Songlin Yu1, David S Liebeskind1, Sumit Dua2, Holly Wilhalme3, David Elashoff3, Xin J Qiao2, Jeffry R Alger1,2, Nerses Sanossian1, Sidney Starkman1,4, Latisha K Ali1, Fabien Scalzo1, Xin Lou1,5, Jeffrey L Saver1, Noriko Salamon2, and Danny J.J. Wang1,2
1Neurology, UCLA, Los Angeles, CA, United States, 2Radiology, UCLA, Los Angeles, CA, United States, 3Medicine Statistics Core, UCLA, Los Angeles, CA, United States, 4Emergency Medicine, UCLA, Los Angeles, CA, United States, 5Radiology, Chinese People’s Liberation Army (PLA) General Hospital, Beijing, China

The study investigated the relationship between postischemic hyperperfusion on arterial spin labeled (ASL) and hemorrhagic transformation (HT). 361 ASL scans were collected from 221 acute ischemic stroke patients (AIS). Hyperperfusion was more frequently detected post-treatment. Having hyperperfusion at any time point related significantly to HT (OR=3.5, 95%CI 2.0-6.3, P<0.001). There was a trend that patients with first hyperperfusion after 12 hours from stroke onset were more likely to experience severe HT than those with first hyperperfusion within 12 hours (Fisher's exact p-value = 0.06). ASL hyperperfusion may provide an imaging marker of HT and guide the management of AIS patients.

15:27 0167.   
Hemodynamics of the cerebral border zone regions in healthy, young volunteers
Sophie Schmid1, Wouter Teeuwisse1, Hanzhang Lu2, and Matthias van Osch1
1Radiology, Leiden University Medical Center, Leiden, Zuid-Holland, Netherlands, 2UT Southwestern Medical Center, Dallas, Texas, United States

In this study we employed Time encoded (aka. Hadamard encoded) pseudo Continuous Arterial Spin Labeling combined with T2-Relaxation-Under-Spin-Tagging to evaluate the hemodynamics of the posterior and middle cerebral artery border zone regions in the brains of healthy, young volunteers. A significantly lower CBF was found in the border region compared with the central region in both the posterior and MCA flow territory. The arterial transit time in the border zone is significantly longer compared to the central region. However, the exchange of the label from the arterial to the tissue compartment appears to be at a similar rate.

15:39 0168.   
Velocity and wall shear stress in the Circle of Willis in Sickle Cell Disease using 4D flow MRI
Lena Vaclavu1, Henk-Jan Mutsaerts1, Wouter Potters1, Veronica van der Land1, Karin Fijnvandraat1, Michael Markl2, Charles Majoie1, Aart Nederveen1, and Pim van Ooij1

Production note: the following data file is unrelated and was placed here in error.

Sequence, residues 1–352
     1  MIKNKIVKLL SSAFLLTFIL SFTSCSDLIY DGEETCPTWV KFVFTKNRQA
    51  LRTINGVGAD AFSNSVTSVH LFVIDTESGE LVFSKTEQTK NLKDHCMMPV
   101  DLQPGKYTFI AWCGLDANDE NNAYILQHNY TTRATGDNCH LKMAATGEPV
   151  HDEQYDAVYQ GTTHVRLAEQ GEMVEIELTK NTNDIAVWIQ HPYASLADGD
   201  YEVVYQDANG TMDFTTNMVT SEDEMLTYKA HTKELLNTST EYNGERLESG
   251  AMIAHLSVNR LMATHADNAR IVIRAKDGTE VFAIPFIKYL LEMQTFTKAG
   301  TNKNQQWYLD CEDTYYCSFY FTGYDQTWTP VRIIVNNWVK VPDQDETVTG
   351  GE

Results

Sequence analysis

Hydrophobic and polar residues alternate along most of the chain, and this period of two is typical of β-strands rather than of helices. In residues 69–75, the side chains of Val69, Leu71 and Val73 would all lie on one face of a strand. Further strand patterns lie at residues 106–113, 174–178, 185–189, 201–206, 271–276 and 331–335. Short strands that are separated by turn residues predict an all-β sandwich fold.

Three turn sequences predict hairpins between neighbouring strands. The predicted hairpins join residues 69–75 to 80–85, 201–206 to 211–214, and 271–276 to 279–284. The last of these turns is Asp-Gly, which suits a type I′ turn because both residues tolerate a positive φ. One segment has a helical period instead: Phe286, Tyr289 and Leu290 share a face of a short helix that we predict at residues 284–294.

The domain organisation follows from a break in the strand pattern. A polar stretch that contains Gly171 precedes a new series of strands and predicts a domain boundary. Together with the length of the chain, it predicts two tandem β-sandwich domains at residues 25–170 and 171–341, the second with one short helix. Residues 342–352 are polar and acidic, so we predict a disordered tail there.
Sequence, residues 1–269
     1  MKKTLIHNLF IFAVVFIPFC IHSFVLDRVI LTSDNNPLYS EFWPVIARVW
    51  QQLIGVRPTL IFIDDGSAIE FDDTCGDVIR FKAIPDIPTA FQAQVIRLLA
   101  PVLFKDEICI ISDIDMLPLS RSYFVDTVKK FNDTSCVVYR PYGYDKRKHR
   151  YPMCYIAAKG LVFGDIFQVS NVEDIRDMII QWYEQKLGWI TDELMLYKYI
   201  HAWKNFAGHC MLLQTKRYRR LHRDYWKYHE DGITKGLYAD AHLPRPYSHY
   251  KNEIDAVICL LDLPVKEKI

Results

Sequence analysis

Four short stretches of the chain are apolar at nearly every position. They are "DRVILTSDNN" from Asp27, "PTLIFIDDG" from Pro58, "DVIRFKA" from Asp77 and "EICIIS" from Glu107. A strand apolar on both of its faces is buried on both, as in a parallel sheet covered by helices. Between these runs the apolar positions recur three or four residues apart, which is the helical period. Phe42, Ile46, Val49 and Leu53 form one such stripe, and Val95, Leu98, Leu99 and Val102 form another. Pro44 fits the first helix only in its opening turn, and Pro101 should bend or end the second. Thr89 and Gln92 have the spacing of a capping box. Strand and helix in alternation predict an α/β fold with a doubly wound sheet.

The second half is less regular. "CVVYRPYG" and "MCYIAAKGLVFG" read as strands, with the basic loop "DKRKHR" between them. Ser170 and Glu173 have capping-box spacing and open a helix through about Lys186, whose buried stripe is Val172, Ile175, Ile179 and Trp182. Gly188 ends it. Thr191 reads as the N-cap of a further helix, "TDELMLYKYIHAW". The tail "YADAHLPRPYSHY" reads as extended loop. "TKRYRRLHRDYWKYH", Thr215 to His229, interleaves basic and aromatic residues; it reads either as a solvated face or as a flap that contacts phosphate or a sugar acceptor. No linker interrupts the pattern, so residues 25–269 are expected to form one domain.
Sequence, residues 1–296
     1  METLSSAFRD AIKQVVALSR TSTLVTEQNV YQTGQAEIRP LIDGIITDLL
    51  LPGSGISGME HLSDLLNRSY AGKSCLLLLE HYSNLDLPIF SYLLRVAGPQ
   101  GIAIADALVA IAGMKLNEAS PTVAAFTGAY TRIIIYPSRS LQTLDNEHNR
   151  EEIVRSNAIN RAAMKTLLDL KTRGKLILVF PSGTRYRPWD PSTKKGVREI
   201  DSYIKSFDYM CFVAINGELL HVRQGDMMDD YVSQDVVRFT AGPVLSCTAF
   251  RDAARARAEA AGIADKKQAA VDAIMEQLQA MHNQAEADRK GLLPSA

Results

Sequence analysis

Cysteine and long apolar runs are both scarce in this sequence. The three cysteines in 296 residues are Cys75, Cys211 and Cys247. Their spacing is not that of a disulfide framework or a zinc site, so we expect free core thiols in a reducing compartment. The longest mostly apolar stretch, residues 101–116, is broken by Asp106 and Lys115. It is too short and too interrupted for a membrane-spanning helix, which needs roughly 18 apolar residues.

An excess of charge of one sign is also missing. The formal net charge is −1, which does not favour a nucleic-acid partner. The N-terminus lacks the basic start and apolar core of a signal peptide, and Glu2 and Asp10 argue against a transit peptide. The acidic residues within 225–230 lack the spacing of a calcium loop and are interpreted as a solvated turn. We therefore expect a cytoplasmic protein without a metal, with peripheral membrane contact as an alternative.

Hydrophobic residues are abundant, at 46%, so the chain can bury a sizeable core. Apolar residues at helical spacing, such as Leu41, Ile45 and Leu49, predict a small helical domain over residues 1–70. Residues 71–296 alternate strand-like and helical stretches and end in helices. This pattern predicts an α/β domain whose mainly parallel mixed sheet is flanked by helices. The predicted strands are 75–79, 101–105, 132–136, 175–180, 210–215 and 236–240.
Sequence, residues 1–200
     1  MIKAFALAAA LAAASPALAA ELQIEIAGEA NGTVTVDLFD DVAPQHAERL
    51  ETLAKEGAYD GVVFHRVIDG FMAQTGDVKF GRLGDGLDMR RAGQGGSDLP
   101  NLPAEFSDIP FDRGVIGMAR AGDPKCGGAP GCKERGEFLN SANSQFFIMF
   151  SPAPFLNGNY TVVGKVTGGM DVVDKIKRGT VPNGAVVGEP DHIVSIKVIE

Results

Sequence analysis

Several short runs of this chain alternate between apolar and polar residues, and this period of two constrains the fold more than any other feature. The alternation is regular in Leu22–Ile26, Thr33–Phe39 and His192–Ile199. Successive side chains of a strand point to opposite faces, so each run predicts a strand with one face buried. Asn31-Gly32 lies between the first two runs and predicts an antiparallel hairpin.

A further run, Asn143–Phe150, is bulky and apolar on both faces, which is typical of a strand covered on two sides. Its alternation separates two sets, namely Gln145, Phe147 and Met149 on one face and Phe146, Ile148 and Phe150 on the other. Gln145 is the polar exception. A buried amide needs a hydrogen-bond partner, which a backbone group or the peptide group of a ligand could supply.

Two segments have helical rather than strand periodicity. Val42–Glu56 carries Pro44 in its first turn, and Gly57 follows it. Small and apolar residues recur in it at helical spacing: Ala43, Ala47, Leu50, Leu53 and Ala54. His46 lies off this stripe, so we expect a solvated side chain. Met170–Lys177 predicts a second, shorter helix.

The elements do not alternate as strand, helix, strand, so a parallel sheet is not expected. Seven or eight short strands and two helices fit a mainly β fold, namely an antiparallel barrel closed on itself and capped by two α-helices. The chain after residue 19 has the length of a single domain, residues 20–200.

1Academic Medical Center AMC, Amsterdam, Noord-Holland, Netherlands, 2Radiology & Biomedical Engineering, Northwestern University, Chicago, IL, United States

Wall shear stress (WSS) is the tangential force exerted by the flowing blood on the endothelial wall and is dependent on the dynamic viscosity of blood. ). Endothelial dysfunction in SCD could be related to low WSS but this hasn’t been studied in the circle of willis (CoW), whereas low WSS in carotid has been shown to be atheroprotective.SCD is associated with increased risk for stroke and vasculopathy and therefore serves as an interesting patient population to investigate in relation to WSS. In this pilot study, we explore the feasibility of 4D flow MRI and WSS estimation in the CoW, and the Middle Cerebral Artery.

15:51 0169.   Automatic Segmentation of the Venous Vessel Network Based on Quantitative Susceptibility Maps and its Application to Investigate Blood Oxygenation
Barthélemy Serres1, Andreas Deistung1, Andreas Schäfer2, Marek Kocinski3, Andrzej Materka3, and Jürgen Reichenbach1
1Medical Physics Group, Institute for Diagnosis and Interventional Radiology, University Hospital Jena - Friedrich Schiller University Jena, Jena, Germany, 2Max Plank Institute for Human Cognitive and Brain Sciences, Leipzig, Germany, 3University of Lodz, Lodz, Poland

A common method to assess the venous blood vessel network in high-spatial detail is susceptibility weighted imaging(SWI). However, contrast on susceptibility weighted images may be non-local and there is a complex relationship between the orientation of venous vessel axis and the main magnetic field. To overcome this issue quantitative susceptibility mapping (QSM), a novel technique that enables conversion of gradient-echo phase images into maps of the magnetic susceptibility in vivo, can be applied. Due to its quantitative nature, QSM also offers the possibility to estimate oxygen saturation within blood vessels. In this contribution, we present an approach for automatic segmentation of venous vessels based on quantitative susceptibility maps to produce highly accurate 3D reconstructions of the cerebral venous network. This approach is also used to investigate blood oxygenation within the venous network.

16:03 0170.   
Longitudinal characterization of brain microstructure and visuomotor behavior following acute ocular hypertension using diffusion tensor imaging, magnetization transfer imaging and optokinetics
Yolandi van der Merwe1,2, Leon C. Ho1,3, Xiaoling Yang1,4, Michael B. Steketee4, Seong-Gi Kim1,5, Gadi Wollstein4, Joel S. Schuman2,4, and Kevin C. Chan1,4
1Neuroimaging Laboratory, University of Pittsburgh, Pittsburgh, Pennsylvania, United States, 2Department of Bioengineering, Swanson School of Engineering, University of Pittsburgh, Pittsburgh, Pennsylvania, United States, 3Department of Electrical and Electronic Engineering, University of Hong Kong, Pokfulam, Hong Kong, China, 4Department of Ophthalmology, School of Medicine, University of Pittsburgh, Pittsburgh, Pennsylvania, United States, 5Center for Neuroscience Imaging Research, Institute for Basic Science, Sungkyunkwan University, Suwon, Korea

An increase in intraocular pressure (IOP) is often associated with vision-related diseases like glaucoma and retinal ischemia, and cardiovascular diseases such as stroke. There exists a need to understand what happens in the visual pathway regarding function, structural integrity, and metabolic activity as these diseases progress. Here we used a model of ocular hypertension (OHT) induction to mimic the effects on the visual system observed in IOP increased neurodegenerative diseases. Diffusion tensor imaging, magnetization transfer imaging, and optokinetics were employed to longitudinally analyze the microstructural integrity and visuomotor behavior following OHT to help understand the disease mechanisms associated with elevated IOP.